Rate of return is the gain (or loss) of an investment in a given time frame, usually expressed as a percentage change over 12 months.
Investors make investments in order to increase the purchasing power of their cash. The only reasonable way to judge the effectiveness of an investment is to calculate its rate of return.
The return is how much extra cash you have after a period of time has elapsed. That number might be negative if the investment declined in value.
To calculate return, compare the value of the investment now vs. its value when the investment was first made. Then calculate the difference as a percentage of the total investment.
Mathematically, the rate of return calculation is the dollar gain minus the dollar cost, divided by the cost.
Comparing investments can be difficult. Stock and bond prices vary from day to day and investors buy and sell them throughout the year.
Nevertheless, it’s important to understand with great certainty exactly how any given investment is doing compared to the alternatives, which might be different investments or none at all.
To complicate matters, inflation constantly eats away at the purchasing power of cash. In addition, many investments generate taxes, another drag on return. Don’t forget to add in trading fees, too.
Finally, serious investors must accurately judge the amount of risk they take with one investment compared to another. Two investments might return the same percentage gain but at very different levels of risk.
Investment pros do this in a simple way by comparing the dollars invested on one date to the dollars earned (or lost) an another. For comparison’s sake, they do this in predictable periodic segments, such as quarters and years.
The calculation isn’t any more complex than subtracting the “now” from the “then” and dividing by the “then.”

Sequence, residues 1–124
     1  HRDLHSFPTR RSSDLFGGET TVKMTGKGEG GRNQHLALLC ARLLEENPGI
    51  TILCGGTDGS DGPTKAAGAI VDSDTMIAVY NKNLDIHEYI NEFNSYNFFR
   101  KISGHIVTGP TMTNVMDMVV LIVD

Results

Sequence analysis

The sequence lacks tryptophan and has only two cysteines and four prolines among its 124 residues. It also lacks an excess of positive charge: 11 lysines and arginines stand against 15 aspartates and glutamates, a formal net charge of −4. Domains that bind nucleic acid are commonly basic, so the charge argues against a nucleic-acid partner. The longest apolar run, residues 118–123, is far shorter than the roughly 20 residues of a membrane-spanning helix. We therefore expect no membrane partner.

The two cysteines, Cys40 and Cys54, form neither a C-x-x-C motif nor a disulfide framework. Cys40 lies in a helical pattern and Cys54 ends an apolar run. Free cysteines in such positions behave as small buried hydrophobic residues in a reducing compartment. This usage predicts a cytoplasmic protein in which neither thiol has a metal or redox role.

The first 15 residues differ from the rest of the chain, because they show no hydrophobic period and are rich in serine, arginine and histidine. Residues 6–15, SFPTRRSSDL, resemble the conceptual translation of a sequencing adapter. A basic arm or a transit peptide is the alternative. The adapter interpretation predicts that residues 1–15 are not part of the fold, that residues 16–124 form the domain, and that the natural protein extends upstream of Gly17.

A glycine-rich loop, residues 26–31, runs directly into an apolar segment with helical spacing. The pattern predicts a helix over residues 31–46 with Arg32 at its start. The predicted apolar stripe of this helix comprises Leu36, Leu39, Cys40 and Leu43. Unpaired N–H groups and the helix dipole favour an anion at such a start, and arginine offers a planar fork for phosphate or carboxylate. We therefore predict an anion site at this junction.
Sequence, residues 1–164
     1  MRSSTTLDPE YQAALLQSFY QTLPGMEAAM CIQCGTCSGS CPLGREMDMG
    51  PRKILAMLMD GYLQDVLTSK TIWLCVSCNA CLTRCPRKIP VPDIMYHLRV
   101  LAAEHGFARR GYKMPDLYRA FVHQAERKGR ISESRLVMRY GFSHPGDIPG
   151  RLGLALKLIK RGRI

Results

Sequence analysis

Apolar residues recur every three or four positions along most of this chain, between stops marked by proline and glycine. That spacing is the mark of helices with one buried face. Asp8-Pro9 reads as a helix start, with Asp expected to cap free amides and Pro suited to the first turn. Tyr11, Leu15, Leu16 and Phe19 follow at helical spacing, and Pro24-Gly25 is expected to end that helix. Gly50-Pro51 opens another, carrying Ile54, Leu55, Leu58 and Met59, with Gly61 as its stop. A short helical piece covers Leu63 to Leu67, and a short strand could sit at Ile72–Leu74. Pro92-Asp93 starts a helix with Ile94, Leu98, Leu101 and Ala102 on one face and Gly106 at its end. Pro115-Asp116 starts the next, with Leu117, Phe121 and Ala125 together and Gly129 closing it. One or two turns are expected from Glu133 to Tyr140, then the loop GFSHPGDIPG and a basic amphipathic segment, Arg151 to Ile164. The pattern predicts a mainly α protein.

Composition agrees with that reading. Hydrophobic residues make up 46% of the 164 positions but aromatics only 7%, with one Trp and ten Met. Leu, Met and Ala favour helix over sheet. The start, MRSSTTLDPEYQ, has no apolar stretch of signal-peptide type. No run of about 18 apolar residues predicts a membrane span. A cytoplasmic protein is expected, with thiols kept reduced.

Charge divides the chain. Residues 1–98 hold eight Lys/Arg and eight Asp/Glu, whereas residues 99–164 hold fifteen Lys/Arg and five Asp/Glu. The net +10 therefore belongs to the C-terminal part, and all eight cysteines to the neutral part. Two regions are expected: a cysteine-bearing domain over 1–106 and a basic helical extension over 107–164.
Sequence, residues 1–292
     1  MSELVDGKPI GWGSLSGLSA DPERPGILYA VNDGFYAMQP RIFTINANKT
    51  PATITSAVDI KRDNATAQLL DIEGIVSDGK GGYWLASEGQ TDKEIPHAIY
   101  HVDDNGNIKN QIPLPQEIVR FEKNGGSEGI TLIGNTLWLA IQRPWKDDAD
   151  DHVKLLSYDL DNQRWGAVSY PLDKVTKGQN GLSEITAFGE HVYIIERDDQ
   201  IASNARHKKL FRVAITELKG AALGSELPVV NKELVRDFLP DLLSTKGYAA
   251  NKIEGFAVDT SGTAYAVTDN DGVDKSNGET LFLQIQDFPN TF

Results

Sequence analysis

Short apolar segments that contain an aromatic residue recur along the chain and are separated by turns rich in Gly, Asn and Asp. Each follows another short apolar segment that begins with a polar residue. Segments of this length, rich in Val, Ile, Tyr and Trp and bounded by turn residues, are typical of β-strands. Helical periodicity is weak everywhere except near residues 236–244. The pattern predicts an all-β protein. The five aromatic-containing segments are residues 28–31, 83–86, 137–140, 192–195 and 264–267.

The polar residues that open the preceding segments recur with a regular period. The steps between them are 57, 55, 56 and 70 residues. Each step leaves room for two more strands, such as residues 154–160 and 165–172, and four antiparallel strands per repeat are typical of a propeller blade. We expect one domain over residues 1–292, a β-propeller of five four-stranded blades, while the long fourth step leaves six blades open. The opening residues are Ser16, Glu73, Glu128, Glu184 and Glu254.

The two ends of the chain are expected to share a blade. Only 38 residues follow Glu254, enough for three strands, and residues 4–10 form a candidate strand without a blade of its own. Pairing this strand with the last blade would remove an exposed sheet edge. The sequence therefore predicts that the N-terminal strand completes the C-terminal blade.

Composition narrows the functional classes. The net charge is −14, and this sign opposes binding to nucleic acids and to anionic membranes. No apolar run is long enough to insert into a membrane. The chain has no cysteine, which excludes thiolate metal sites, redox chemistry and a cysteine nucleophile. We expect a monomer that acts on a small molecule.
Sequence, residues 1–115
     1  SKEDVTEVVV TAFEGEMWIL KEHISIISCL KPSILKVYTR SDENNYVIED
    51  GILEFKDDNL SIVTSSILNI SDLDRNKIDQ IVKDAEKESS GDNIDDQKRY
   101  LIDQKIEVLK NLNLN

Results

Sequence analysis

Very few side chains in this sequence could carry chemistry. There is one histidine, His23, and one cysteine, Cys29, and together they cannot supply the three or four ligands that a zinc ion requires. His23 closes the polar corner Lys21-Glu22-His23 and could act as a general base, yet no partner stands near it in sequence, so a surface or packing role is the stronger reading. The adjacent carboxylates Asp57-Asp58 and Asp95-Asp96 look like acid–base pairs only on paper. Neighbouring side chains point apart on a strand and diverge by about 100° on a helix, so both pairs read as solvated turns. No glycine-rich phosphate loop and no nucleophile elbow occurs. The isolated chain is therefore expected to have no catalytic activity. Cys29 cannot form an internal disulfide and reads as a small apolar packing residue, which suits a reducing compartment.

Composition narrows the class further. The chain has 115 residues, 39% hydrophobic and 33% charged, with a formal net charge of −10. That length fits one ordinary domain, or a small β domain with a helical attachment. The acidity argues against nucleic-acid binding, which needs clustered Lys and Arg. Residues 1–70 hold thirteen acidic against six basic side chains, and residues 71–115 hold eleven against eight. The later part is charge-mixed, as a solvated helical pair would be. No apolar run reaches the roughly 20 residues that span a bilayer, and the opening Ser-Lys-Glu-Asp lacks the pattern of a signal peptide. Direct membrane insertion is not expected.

For instance, if you have an investment that is worth $100 today and for which you paid $50 one year ago, you know that the return was 100%. You doubled your money.
Now, let’s complicate matters. Unless you own a tax-free or tax-deferred investment, you will owe taxes on the gain now. Assume it’s a long-term gain tax of 20%. So that’s $10 less.
You almost certainly paid a fee for buying and selling that investment. If you used a discount broker and did it yourself, perhaps that was $7 to buy and $7 to sell.
Now you’re down $24 on your $50 gain. But there’s more.
Inflation never sleeps. Your $50 is not worth $50 one year later. Annualized inflation of about 3% means lopping off another $1.50 in purchasing power.
All in, you made $50 but lost $27 of that gain to taxes, fees and inflation. Your $50 turned into $73 after one year, meaning your rate of return is really 46%, rather than 100%.
Not quite doubling your money anymore, all things considered. All this leaves aside the complications of calculating risk, which is a science unto itself.
MarketRiders, Inc. is a registered investment adviser. Information presented is for educational purposes only and does not intend to make an offer or solicitation for the sale or purchase of any specific securities, investments, or investment strategies. Investments involve risk and, unless otherwise stated, are not guaranteed. Be sure to first consult with a qualified financial adviser and/or tax professional before implementing any strategy discussed herein. Past performance is not indicative of future performance.